There appears to be some confusion in the community these days about jails and prisons, the purpose they serve, and the conditions that exist in them. L.D. 1611 has been proposed by some politicians and advocacy groups to “ensure humane treatment for special management prisoners.”

This targets so-called solitary confinement, which is generally thought of as isolation, calling to mind Abu Ghraib prison, Terry Anderson as a hostage, and John McCain as a prisoner of war. It is directed at the Special Management Unit at Maine State Prison, which houses two segregation pods and the Mental Health Unit.

Inside, you hear the expression “it’s a prison,” a reference to its basic function, keeping the bad guys off the street. Inmates should expect it to be regimented, the food to be institutional, the medical care to be good enough, and the guards to run the place and enforce the many rules, and no inmate should expect more than is required by law and policy. This is in contrast to the description that fits many inmates: “I’m entitled, and the rules do not apply to me,” the kind of thinking that tends to get people in jail.

This structure is helpful for many prisoners who come from chaotic childhoods, or have internal chaos derived from genetic attention deficit hyperactivity disorder, psychopathy or other mental defect that does not necessarily impair one’s ability to know right from wrong. Prison, one often hears, holds people accountable for the criminal behavior that resulted in incarceration as well as for behavior while in residence.

Offenders should come out of prison better than when they went in, implying some degree of rehabilitation. Studies are demonstrating that problems such as illiteracy, lack of employment skills, addictions, anger, sex offending and criminal thinking can be changed while offenders are in prison — at least in a measurably significant number of them — enough to make it worthwhile.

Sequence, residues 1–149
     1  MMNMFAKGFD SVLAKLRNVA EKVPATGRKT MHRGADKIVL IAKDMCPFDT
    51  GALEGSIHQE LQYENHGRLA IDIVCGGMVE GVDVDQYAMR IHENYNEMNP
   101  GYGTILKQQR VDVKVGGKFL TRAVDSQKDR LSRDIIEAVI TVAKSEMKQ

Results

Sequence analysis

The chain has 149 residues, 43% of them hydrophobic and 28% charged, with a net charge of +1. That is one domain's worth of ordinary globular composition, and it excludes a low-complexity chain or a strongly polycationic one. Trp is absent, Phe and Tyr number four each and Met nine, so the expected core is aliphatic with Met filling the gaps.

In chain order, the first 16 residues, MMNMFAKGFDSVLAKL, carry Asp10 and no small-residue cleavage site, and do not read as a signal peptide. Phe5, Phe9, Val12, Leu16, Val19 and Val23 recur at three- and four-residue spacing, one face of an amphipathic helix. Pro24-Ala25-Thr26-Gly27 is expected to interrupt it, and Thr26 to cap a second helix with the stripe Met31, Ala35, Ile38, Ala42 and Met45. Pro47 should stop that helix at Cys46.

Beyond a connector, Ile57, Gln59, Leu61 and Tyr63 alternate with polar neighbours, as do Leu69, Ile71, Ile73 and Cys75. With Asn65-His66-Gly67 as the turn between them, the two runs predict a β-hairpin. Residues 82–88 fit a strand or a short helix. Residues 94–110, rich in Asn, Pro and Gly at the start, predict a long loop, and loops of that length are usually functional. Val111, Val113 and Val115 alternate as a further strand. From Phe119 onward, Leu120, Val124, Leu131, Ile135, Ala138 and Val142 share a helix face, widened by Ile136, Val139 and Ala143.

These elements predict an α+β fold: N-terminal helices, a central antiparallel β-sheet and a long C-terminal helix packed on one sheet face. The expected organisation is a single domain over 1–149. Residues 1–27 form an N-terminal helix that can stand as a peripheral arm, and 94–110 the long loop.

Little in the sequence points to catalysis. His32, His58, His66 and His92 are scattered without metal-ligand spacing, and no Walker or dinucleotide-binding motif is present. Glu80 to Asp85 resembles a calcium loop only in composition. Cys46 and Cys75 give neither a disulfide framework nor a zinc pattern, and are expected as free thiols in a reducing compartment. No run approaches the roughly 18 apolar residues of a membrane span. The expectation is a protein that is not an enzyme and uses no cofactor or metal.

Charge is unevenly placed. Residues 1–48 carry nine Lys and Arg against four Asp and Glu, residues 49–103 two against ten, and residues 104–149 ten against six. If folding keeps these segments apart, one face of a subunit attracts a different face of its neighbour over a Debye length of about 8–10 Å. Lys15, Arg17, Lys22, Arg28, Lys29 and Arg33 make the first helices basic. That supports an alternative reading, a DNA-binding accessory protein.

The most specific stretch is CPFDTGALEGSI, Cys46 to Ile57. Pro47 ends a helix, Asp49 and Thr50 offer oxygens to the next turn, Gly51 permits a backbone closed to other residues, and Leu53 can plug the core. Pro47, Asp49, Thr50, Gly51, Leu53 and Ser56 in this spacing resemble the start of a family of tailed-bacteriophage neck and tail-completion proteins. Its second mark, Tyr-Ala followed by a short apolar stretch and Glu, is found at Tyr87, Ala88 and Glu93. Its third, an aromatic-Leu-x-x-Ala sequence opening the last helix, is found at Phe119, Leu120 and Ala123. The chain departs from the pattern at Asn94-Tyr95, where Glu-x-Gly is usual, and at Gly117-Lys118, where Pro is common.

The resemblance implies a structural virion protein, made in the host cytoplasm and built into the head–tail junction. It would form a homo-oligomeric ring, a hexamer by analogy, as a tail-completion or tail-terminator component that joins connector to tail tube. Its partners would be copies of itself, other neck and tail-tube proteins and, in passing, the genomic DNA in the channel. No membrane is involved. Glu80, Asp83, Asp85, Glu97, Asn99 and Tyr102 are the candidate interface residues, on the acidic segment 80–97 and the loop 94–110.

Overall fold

The United States has more people incarcerated by far, percentage-wise, than any other country in the world. In Maine, our incarceration rate is close to the lower rate of the world’s other modern countries and the lowest in the United States. Even so, we have had to rebuild most of our state’s prison and jail infrastructure over the past decade, primarily because it was falling apart and because Maine’s prison population increases over time as the overall population grows and changes.

Part of being in jail or prison is to be locked down for all or part of the day. “Lock down” means to be confined to one’s room or cell for a period of time and not allowed in the day room or other open area of the jail or prison. This can mean being locked in a dorm with many other residents or by oneself in a single cell. This varies from facility to facility across the state.

At the Maine State Prison, most of the general population prisoners are locked down for about 12 hours a day, including nighttime, counts and codes. This is based on a need for security staff to maintain an acceptable level of control in line with the available guard staff. That number is in direct relationship to cost and budget. Facilities can operate with significantly fewer guard staff when the prisoners are all locked down.

In Maine State Prison segregation (the old supermax), the cells are in two pods, most down corridors facing each other. The cell windows are larger than in the newer prison, and all the prisoners can see and talk to a number of other prisoners, making the place quite noisy and boisterous at times. The guards have to log 15-minute checks in the area housing the highest-risk prisoners (30 minutes elsewhere), and the first few cells are watch cells monitored by cameras in local control.

On the highest-security side, prisoners do not have physical contact with each other and are handcuffed when out of their cells; they get one hour of daily recreation in separated enclosures in a large recreation yard. On the less restrictive side, prisoners recreate in an open recreation yard. Prisoners in segregation are on a prescribed schedule for showers, recreation, phone calls and visits — all out of cell — and come out for various meetings, such as mental health (there are two full-time professionals assigned there), status reviews or boards, and to see medical staff.